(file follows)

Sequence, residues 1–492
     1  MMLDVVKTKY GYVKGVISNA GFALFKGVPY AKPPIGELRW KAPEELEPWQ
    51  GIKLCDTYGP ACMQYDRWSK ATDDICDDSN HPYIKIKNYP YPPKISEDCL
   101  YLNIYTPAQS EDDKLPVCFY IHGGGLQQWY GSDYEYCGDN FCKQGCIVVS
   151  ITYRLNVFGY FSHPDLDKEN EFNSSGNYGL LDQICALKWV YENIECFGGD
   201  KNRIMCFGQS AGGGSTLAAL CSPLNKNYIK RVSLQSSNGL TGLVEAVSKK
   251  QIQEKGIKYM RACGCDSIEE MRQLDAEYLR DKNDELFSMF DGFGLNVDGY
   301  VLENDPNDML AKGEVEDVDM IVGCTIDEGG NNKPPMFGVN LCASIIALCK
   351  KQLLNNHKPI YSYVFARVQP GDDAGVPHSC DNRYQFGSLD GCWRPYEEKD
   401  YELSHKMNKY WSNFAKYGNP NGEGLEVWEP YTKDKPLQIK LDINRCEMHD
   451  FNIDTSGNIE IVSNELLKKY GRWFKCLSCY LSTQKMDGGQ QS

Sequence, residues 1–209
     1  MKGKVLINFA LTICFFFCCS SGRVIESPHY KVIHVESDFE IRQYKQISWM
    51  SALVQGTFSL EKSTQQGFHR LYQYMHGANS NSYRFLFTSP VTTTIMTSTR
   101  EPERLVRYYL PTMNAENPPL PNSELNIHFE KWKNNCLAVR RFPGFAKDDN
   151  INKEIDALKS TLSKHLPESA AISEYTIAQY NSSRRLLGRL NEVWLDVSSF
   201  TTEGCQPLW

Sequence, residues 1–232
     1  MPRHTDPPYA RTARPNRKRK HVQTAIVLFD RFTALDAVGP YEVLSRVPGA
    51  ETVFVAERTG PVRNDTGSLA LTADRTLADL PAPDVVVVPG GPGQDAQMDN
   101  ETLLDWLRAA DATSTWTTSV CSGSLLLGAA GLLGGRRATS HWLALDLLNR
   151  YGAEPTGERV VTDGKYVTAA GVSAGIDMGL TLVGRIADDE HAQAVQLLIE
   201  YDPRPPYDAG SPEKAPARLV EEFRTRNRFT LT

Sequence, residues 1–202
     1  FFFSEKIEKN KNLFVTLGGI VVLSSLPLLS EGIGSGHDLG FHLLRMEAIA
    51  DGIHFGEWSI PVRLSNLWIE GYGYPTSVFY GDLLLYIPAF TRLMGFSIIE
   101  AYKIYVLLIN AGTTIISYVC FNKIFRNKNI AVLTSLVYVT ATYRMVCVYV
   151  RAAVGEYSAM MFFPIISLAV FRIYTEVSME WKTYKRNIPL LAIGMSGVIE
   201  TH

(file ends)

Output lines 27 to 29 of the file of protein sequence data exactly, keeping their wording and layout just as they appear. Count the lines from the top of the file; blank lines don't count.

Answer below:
   101  AYKIYVLLIN AGTTIISYVC FNKIFRNKNI AVLTSLVYVT ATYRMVCVYV
   151  RAAVGEYSAM MFFPIISLAV FRIYTEVSME WKTYKRNIPL LAIGMSGVIE
   201  TH